I was born during World War II. Since then, I have seen great industrial advances inspired by American business ingenuity. In the 1940s, consumers could buy a car in any color they wanted — as long as it was black. Air-conditioning was supplied by winding down the windows. Most cars had a stick shift rather than an automatic transmission. Motorist music sources were limited to an AM radio with few stations
Today, however, cars park themselves. They sense it when the driver is about to collide with another object and the brakes automatically are operated. Hundreds of radio stations are beamed down from satellites. A GPS navigation narrator tells drivers how to get from one destination to another.
The first computers took up entire rooms and information was loaded onto magnetic tapes by punch cards. Today, you can buy a computer that fits in the palm of your hand with 3-D graphics and immense computing power.
We flew on the Douglas DC-3, which took 15 hours and three refueling stops to cross the country. Today, we cross the Atlantic in eight hours in jumbo 747s. In the near future, Virgin Galactic will fly us into space. Reservations now are being taken.
By 1950, we no longer had to place telephone calls through operators. We had direct dial, and by 1955, we were making transatlantic calls. There was only one phone company — AT&T. Today, we have smartphones that allow us to listen to music, watch movies, get directions to destinations, take still pictures and video, type messages, check emails and even turn the lights off in our houses from across the country. These phones even allow us to talk to people. More than 50 million of us have smartphones, and 250 million have simple wireless phones. Where would we be without the Internet?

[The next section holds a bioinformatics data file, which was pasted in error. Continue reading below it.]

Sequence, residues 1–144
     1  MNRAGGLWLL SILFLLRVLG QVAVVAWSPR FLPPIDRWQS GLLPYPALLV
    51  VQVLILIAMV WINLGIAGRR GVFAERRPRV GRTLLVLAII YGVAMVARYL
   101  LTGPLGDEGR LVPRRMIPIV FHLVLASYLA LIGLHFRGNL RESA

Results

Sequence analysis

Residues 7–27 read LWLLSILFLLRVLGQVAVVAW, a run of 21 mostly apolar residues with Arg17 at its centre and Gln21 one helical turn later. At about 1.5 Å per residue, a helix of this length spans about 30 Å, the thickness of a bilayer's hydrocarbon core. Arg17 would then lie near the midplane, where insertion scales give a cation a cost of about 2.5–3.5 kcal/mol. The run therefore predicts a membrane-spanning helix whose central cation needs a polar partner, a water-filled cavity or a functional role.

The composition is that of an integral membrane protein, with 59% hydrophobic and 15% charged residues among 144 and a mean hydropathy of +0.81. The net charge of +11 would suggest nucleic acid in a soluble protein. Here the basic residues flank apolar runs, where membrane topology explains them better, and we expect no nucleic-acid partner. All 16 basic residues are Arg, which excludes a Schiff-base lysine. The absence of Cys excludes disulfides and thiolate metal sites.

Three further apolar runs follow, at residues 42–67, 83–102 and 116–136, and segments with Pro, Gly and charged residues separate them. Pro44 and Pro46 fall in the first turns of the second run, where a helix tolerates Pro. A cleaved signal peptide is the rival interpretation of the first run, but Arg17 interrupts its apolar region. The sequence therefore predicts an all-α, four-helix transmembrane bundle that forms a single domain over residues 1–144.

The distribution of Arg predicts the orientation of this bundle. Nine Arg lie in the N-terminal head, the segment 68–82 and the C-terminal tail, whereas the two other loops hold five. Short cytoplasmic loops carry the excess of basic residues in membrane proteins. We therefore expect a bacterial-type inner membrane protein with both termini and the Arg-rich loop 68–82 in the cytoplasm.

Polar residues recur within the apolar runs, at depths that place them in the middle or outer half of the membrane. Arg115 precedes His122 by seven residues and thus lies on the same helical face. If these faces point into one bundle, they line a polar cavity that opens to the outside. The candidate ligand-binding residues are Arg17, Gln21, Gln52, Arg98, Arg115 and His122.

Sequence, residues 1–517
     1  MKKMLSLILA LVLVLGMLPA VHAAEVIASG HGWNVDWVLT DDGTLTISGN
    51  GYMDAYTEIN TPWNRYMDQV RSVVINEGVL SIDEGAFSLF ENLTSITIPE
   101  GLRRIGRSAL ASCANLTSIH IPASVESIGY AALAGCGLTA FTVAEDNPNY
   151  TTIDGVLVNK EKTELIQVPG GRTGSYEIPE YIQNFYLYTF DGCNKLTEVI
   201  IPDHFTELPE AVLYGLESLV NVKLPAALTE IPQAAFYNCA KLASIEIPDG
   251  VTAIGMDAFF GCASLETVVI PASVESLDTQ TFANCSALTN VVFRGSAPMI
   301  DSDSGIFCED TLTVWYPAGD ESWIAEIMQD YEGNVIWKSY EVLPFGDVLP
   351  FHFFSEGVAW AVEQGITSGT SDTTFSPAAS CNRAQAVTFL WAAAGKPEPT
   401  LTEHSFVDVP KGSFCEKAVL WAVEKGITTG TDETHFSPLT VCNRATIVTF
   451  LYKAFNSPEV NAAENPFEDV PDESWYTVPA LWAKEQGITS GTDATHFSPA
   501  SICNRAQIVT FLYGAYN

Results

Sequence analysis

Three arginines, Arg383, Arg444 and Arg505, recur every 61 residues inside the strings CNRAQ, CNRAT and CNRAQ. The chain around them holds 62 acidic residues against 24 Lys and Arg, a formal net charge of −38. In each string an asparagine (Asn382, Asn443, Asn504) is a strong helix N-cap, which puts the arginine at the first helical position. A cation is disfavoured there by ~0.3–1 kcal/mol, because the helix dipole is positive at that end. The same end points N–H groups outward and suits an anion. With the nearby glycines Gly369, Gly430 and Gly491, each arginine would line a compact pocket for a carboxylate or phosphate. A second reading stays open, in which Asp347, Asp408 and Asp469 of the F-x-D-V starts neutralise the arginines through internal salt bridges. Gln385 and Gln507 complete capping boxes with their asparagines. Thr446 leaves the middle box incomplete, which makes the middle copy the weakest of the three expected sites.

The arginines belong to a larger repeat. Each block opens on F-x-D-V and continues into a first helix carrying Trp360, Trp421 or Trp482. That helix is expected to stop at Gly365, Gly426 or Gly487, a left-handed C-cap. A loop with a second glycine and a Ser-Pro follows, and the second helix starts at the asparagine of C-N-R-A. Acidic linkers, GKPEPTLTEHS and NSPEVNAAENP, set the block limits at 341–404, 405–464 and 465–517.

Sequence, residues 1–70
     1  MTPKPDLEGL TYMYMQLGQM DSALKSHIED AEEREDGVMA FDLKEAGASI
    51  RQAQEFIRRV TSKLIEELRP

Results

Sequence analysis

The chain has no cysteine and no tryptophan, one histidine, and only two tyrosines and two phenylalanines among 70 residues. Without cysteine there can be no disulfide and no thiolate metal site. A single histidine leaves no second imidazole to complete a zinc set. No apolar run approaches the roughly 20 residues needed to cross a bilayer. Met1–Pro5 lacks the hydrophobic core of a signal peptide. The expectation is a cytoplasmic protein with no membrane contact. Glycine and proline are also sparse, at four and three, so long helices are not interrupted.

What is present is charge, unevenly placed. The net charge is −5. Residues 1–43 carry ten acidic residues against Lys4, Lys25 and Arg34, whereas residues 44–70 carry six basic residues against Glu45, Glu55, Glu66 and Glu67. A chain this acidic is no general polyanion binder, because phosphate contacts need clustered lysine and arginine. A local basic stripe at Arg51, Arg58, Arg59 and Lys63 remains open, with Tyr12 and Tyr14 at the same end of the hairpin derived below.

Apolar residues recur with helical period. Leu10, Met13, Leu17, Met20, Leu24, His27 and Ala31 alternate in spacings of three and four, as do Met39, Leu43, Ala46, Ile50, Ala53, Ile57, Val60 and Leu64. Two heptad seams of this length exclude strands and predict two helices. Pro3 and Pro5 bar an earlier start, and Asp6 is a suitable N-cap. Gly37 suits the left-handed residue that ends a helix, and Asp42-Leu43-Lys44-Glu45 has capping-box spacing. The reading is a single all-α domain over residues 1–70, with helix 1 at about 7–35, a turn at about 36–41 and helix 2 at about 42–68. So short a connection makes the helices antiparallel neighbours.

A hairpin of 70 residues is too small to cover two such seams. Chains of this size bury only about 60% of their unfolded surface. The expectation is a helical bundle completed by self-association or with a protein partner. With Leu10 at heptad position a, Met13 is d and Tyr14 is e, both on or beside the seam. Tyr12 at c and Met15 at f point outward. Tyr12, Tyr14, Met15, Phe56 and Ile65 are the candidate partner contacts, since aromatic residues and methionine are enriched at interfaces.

Growing up, if you wanted to cool off the house, you opened a window and hoped for a breeze. Today, air-conditioning provides an indoor environment that remains relatively constant despite external weather conditions. Even the power in our homes is supplied by solar, nuclear and wind power, which we did not have back in the 1940s.
Many diseases that were common in the 1940s — such as tuberculosis, smallpox and polio — now have been reduced or eliminated. Medical breakthroughs likely will lead to a vaccine for HIV. We probably can expect advancements in the cure of atrial fibrillation, genomic research to create custom drugs and the use of gene sequencing to cure cancer.
Nanotechnology, biotechnology, information technology, cognitive science, robotics and artificial intelligence are the future of the world.
All of these advancements have been made through the entrepreneurial spirit of American business people and inventors. Our capitalistic way of doing business has inspired businesses to reach for the stars and actually grasp them as we explore the far reaches of the universe. The advancements that have made America great were accomplished without the help of our government.
This progress was made contrary to the interference of the government in business with rules, regulations and high taxes. It is time for the government to back away from its socialist direction and allow companies to experiment, invent, grow and add jobs. Capitalism is our future, not socialism, and it is the only way to go if we want to keep America free and a world leader.
Calderone is a conservative who lives in Midway. He is a professional salesperson and for 30 years has written articles for trade publications in various fields.